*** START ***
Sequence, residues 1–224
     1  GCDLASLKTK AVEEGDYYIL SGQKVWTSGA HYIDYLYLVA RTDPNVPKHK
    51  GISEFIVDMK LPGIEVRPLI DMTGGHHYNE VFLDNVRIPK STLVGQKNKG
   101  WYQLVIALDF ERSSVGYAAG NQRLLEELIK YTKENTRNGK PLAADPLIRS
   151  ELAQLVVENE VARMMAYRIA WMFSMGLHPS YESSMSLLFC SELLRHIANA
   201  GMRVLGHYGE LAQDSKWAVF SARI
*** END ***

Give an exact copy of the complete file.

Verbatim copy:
Sequence, residues 1–224
     1  GCDLASLKTK AVEEGDYYIL SGQKVWTSGA HYIDYLYLVA RTDPNVPKHK
    51  GISEFIVDMK LPGIEVRPLI DMTGGHHYNE VFLDNVRIPK STLVGQKNKG
   101  WYQLVIALDF ERSSVGYAAG NQRLLEELIK YTKENTRNGK PLAADPLIRS
   151  ELAQLVVENE VARMMAYRIA WMFSMGLHPS YESSMSLLFC SELLRHIANA
   201  GMRVLGHYGE LAQDSKWAVF SARI